“Ultimately this was a decision about whether the submarines that were being built at great cost to the Australian taxpayer were going to be able to do a job that we needed it to do when they went into service.

“Our strategic judgment based on the best possible of intelligence and defence advice was that it would not, and so therefore to go forward when we are able to secure a supreme submarine capability to support our defence operations, it would have been negligent for us not to.”

Mr Morrison said he had told Mr Macron of Australia’s decision on the evening before it was announced.

But France’s Foreign Minister Jean-Yves Le Drian, in a sign of the rupture between Paris and Canberra, used public television to label the decision as “duplicity, disdain and lies”.

The recalling of its ambassadors “signifies the force of the crisis today” between the French government and Washington and Canberra, he said in an interview on France 2 television.

Mr Le Drian denied reports there had been advance consultations with France ahead of the announcement, saying “this isn’t true”.

“(Allies) don’t treat each other with such brutality, such unpredictability, a major partner like France ... So there really is a crisis. There are reasons for us to question the strength of our alliance,” he said.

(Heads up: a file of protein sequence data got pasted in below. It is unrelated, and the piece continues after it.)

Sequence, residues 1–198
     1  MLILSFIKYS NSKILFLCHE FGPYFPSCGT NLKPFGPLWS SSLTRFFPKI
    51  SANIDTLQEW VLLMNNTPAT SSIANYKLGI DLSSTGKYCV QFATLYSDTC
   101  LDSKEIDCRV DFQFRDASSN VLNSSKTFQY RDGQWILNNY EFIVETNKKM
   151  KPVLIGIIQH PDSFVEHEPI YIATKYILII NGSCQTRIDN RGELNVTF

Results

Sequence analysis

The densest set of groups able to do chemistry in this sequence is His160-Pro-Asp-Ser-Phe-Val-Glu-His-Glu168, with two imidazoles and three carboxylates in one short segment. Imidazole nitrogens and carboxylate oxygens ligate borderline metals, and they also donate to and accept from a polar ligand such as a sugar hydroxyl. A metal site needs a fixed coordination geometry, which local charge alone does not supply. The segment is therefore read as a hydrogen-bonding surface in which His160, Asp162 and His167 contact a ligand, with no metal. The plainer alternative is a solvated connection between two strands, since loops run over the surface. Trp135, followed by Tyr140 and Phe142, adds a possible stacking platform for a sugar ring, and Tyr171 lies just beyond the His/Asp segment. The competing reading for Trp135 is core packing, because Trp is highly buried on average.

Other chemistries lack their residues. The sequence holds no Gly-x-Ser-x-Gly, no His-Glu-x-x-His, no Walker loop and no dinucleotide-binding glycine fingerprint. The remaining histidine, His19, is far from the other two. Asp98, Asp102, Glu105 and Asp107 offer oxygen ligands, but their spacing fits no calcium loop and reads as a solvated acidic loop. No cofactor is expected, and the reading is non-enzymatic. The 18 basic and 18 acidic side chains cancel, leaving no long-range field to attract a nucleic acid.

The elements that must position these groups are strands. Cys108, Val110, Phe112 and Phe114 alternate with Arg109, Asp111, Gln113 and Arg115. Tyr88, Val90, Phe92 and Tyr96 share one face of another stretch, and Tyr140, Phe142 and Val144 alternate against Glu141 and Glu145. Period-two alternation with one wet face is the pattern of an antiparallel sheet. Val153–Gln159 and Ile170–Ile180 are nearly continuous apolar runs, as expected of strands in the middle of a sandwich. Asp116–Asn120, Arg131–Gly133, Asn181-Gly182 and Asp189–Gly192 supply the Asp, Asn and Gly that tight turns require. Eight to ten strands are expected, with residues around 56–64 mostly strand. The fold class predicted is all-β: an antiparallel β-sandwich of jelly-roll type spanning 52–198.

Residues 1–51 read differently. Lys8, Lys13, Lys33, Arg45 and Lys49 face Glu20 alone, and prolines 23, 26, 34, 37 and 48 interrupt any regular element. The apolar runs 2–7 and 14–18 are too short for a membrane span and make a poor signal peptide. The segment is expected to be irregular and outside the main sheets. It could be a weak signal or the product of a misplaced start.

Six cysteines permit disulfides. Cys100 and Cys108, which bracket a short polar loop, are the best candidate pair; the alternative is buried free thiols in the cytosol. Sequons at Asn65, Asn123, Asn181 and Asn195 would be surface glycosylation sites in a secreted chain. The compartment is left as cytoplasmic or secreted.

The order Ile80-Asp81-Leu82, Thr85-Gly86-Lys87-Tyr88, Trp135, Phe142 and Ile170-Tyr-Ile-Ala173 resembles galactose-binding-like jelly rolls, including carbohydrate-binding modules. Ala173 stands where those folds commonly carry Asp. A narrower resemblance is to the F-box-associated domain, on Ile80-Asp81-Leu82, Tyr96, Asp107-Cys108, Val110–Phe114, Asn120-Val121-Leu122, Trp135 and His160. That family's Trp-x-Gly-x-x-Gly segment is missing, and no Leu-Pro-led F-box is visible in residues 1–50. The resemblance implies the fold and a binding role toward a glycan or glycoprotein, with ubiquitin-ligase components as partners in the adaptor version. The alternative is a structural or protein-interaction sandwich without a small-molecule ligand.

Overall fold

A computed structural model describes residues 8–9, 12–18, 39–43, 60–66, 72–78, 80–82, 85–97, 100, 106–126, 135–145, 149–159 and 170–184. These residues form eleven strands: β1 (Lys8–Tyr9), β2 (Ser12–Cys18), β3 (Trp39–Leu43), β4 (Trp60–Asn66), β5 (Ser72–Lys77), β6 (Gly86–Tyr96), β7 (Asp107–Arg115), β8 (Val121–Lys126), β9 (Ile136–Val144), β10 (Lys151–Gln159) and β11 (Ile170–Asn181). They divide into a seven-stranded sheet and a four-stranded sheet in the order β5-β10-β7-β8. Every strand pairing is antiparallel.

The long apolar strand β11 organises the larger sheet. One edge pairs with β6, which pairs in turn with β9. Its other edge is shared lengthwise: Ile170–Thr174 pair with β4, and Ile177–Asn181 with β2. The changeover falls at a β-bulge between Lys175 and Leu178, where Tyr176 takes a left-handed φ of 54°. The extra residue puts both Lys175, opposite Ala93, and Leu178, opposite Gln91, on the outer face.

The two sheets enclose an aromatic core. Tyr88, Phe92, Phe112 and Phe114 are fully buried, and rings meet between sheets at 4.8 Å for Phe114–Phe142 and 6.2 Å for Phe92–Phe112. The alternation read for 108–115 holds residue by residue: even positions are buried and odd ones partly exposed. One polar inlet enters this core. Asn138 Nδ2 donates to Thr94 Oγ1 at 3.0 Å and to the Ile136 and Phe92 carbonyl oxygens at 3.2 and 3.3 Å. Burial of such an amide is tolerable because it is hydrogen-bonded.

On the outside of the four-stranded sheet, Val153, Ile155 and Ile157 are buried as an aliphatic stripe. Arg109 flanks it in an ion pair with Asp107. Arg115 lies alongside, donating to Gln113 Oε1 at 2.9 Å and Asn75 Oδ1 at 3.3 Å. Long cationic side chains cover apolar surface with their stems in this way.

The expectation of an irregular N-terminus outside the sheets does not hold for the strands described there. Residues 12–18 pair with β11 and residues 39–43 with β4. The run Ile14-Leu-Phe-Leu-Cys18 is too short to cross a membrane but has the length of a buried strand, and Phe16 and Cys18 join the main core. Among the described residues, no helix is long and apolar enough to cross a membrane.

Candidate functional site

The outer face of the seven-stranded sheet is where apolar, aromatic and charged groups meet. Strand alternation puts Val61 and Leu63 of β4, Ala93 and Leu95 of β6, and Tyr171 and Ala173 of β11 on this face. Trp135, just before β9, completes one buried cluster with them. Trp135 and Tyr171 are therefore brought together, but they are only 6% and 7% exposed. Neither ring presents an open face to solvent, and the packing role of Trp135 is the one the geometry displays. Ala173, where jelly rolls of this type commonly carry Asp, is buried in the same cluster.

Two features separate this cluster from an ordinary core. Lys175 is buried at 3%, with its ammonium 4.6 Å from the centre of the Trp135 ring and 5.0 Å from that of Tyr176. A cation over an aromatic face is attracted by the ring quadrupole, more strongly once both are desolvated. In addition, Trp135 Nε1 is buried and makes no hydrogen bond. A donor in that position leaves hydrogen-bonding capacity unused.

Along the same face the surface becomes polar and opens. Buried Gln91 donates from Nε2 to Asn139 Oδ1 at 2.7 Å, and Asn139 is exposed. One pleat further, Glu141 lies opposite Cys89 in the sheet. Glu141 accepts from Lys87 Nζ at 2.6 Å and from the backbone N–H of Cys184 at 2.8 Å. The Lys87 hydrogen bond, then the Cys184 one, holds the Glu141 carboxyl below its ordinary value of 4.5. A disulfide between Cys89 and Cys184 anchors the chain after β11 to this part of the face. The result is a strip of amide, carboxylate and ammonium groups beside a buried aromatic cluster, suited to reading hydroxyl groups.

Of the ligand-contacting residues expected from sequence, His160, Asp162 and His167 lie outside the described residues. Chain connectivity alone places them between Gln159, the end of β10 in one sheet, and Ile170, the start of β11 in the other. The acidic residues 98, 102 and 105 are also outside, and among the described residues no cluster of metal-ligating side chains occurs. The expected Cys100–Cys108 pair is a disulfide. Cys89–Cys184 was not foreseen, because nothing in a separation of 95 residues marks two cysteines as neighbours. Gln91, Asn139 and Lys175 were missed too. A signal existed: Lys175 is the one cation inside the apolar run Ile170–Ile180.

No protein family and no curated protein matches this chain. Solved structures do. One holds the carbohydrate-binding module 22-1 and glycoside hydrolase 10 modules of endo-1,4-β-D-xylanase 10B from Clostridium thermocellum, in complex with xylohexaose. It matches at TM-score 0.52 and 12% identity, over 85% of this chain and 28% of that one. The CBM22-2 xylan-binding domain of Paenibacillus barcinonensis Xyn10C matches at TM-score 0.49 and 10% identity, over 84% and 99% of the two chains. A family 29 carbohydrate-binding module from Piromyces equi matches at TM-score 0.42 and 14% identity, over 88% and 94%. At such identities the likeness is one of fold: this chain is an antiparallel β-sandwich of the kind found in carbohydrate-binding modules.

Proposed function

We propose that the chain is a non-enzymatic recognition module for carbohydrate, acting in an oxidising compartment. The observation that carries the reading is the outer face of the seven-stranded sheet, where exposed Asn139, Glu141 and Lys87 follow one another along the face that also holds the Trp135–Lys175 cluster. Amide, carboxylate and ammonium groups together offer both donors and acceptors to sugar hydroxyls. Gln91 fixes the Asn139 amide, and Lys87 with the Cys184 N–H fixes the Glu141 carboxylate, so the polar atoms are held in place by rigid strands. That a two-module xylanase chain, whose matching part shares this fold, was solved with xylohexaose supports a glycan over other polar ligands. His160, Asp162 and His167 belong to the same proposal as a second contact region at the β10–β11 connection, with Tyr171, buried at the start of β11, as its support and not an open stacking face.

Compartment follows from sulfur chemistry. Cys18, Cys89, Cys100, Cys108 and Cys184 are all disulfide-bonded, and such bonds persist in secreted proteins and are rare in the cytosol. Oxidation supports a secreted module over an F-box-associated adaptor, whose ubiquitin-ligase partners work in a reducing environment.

The French ambassador to Australia, Jean-Pierre Thebault, said before he left the country that he had been at the meeting between Mr Macron and Mr Morrison in June.

He said the Australian Prime Minister had mentioned “there were changes in the regional situation” but gave no indication it was about to abandon the French contract.

“Everything was supposed to be done in full transparency between the two partners,” he said.

A spokesman for Mr Morrison said later the ambassador was not at the meeting as it was dinner between the Prime Minister and Mr Macron.

Outside the submarines decision, the new Australia-UK-US agreement also provides for advanced technology such as long-range hypersonic missiles and undersea drones. More US Marine troop deployments in Australia are also likely.